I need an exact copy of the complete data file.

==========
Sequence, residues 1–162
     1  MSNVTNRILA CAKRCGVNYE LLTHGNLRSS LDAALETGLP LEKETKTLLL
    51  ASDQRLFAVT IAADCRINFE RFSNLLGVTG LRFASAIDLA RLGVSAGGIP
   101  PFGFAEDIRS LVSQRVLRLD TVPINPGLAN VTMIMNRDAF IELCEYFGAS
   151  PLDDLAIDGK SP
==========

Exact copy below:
Sequence, residues 1–162
     1  MSNVTNRILA CAKRCGVNYE LLTHGNLRSS LDAALETGLP LEKETKTLLL
    51  ASDQRLFAVT IAADCRINFE RFSNLLGVTG LRFASAIDLA RLGVSAGGIP
   101  PFGFAEDIRS LVSQRVLRLD TVPINPGLAN VTMIMNRDAF IELCEYFGAS
   151  PLDDLAIDGK SP